Richard Gibbs is the Founder of the renowned Genome Sequencing Center at Baylor College of Medicine. He and his team were one of five worldwide sites contributing to the Human Genome Project (HGP). In today’s interview we find out what the sequencing pioneer has been up to since the days of the HGP and what his take is for how well genetic science is translating into clinical care.

In fact, Richard is willing to put a number on how far we’ve come.

“There’s a trajectory that began just about the time the Human Genome Project was being conceived through to this futuristic image of medical genomics where complete genomes are actually part of medical care,” he says. "That journey is not yet complete. We are somewhere between 50 and 90% there.”

Richard says that the HGP was actually a departure from what was typical in the field of human genetics. That it was a science project done more purely for the sake of science. Most of the history of human genetics research has been practical medical or clinical projects.

One of the areas where Richard’s team has made a big impact is in collaboration with the NHGRI's Center for Mendelian Diseases. The team is also participating heavily with the NIH’s Undiagnosed Disease Network. What is the difference between a Mendelian and a rare disease? What are the center’s solve rates for each of those areas?

We round out the discussion with a look at how Richard and his team get the 'best quality genomes' for their projects, an issue of utmost importance in the clinic.

Reference Genome Making Major Strides in Ethnic Diversity, Says Valerie Schneider, NCBI

A couple months back, we reported on a study showing that genetic tests for an inherited heart disorder were more likely to come back with false positive results for black Americans than for whites. The study provoked many in our industry to urge scientists to incorporate more ethnic diversity in their studies. So far, biology has been too Eurocentric—the databases are implicitly racist, they argue.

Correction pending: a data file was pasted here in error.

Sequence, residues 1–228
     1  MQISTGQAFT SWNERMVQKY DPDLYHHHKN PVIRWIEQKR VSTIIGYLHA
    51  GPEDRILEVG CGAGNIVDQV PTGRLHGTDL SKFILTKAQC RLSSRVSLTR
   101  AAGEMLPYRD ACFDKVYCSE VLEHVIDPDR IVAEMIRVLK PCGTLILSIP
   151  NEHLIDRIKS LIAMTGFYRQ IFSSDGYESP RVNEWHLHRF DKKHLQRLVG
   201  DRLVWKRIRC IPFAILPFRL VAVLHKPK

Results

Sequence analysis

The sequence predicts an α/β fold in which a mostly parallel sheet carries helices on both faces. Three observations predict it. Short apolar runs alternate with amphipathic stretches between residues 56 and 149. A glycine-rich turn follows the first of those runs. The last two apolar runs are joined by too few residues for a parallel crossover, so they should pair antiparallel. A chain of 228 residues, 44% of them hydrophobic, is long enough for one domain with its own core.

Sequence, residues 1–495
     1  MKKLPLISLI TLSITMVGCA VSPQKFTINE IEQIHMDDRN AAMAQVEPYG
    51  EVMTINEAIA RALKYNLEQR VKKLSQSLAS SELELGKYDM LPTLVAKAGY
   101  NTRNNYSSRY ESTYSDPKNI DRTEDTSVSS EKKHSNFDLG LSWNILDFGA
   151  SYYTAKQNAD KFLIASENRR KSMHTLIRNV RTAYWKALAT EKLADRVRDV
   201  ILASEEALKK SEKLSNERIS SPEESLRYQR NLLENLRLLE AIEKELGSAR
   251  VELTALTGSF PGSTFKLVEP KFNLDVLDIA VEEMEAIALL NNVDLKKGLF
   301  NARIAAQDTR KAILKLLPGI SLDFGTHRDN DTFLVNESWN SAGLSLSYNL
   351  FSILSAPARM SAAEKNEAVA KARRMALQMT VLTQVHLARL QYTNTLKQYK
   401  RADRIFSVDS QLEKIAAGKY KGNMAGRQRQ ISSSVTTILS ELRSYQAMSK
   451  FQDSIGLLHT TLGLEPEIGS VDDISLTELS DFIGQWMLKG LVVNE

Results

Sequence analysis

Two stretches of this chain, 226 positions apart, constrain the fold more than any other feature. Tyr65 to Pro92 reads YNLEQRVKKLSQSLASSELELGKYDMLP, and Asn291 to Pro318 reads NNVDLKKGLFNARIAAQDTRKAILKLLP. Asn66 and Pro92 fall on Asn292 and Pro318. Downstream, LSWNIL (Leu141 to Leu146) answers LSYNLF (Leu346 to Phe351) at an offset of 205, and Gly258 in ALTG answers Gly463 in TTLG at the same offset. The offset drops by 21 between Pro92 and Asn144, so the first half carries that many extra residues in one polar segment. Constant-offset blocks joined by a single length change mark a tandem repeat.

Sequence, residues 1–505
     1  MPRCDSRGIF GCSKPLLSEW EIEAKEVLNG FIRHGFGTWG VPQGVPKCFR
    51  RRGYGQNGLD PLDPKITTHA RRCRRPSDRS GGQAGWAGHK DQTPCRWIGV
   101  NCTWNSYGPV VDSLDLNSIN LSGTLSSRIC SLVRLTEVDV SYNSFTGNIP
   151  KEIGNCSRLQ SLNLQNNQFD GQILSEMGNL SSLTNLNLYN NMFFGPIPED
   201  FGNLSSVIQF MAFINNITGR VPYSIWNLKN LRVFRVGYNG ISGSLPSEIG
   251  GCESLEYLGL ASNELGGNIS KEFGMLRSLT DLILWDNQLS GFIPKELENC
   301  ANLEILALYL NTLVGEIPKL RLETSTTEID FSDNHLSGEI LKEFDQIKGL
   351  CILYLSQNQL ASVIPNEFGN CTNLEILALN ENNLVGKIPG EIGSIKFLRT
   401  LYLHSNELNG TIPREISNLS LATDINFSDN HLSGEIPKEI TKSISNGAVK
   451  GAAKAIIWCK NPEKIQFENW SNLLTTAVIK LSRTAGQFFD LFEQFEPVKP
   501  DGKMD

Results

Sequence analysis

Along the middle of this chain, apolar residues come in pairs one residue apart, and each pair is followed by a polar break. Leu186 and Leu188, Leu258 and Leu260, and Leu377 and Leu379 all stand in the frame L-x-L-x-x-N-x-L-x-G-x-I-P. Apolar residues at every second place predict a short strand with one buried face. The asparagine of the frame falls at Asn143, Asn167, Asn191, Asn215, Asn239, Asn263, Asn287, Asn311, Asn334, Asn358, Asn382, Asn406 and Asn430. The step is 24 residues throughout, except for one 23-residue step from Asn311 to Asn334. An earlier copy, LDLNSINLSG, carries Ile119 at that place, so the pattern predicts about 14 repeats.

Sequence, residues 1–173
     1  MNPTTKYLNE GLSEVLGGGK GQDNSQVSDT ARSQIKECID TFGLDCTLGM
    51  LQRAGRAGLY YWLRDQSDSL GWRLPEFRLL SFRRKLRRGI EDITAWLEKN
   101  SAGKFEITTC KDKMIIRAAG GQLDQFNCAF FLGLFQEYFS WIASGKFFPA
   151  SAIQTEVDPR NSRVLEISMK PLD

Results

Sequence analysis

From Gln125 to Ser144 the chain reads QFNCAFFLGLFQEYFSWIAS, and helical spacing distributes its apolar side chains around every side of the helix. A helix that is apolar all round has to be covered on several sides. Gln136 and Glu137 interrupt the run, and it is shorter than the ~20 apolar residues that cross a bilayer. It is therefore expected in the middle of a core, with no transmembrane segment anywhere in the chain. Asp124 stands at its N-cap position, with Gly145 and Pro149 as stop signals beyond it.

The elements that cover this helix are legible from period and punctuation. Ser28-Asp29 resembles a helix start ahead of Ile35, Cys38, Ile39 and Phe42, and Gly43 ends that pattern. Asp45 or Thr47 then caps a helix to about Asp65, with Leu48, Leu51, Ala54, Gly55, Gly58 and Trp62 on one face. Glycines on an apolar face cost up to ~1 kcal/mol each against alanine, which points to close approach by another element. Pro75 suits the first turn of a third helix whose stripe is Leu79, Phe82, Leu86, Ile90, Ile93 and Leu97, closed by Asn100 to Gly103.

Perhaps no dataset for human genomics is referenced more than the human reference genome, or the GRCh38. This is the "Rosetta Stone” of genomics used by scientists and clinicians everywhere who are assembling and studying genomes. Valerie Schneider is a scientist at the NCBI who works everyday on the GRCh38. She says major strides--enabled in part by better sequencing technologies--have been made lately to add diversity to the GRCh38 and to create other reference genomes for various populations around the globe.

The populations represented with these new projects include a Han genome, a Puerto Rican, a Yoruban, a Columbian, a Gambian, a Luhya, a Vietnamese, and one or two more Europeans.

“The sequence from these genomes is planned for correcting errors and adding new "alt loci" to the reference genome. But these new assemblies are also intended to stand on their own as complements to the reference,” says Valerie.

Valerie reminds us that it’s still early days in genomics. There’s so much diversity in the human population that her team is not sure whether having a single reference for each of these ethnic groups will be sufficient.

With more reference genomes comes the challenge of how best to compare and visualize them. There is a major need for tools that can show large nests of sequence as opposed to a linear reference, she says in today’s interview.

What is Valerie's take on the term “reference quality genomes”, and how will a better reference genome improve precision medicine?

Luke Timmerman on His New Biography of Lee Hood

There is tons of life science journalism. Our coffee tables and inboxes fill up each week with that quarterly or that daily. We sift through headlines and product advertisements to assess what’s going on in our industry. It’s our job to know. In this age of several-times-per-day newsletters and 24 hrs a day Twitter, we catch what we can.

And occasionally, we come across a carefully written piece or a well done interview, and we take a moment to realize with some awe the history that is being made in our industry.

Occasionally. Which is why a new book out by veteran biotech journalist and the guest of today’s show, Luke Timmerman, is such a rare treat.